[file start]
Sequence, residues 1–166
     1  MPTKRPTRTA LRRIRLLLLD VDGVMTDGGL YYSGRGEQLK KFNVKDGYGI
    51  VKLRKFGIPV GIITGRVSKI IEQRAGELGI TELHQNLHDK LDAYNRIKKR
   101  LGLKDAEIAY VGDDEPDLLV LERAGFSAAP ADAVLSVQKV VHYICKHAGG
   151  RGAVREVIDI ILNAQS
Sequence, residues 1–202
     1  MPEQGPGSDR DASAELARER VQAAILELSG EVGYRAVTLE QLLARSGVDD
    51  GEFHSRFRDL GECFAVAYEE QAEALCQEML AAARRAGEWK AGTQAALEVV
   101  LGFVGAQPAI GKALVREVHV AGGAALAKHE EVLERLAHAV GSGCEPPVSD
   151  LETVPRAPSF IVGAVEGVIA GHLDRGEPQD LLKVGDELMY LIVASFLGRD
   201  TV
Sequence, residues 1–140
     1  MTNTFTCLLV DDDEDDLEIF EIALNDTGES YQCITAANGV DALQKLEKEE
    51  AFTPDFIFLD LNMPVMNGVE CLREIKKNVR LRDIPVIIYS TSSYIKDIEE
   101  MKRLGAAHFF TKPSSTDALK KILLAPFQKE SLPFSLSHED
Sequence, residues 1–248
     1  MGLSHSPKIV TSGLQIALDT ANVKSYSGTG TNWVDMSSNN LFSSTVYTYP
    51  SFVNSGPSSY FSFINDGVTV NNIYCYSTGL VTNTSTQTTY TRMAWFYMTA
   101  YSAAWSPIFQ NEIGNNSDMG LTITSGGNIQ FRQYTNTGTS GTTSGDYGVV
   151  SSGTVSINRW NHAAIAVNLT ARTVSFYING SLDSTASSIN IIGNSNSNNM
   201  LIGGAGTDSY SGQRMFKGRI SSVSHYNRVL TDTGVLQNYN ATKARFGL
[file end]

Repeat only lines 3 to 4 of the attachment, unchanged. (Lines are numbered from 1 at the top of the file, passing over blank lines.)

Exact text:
    51  VKLRKFGIPV GIITGRVSKI IEQRAGELGI TELHQNLHDK LDAYNRIKKR
   101  LGLKDAEIAY VGDDEPDLLV LERAGFSAAP ADAVLSVQKV VHYICKHAGG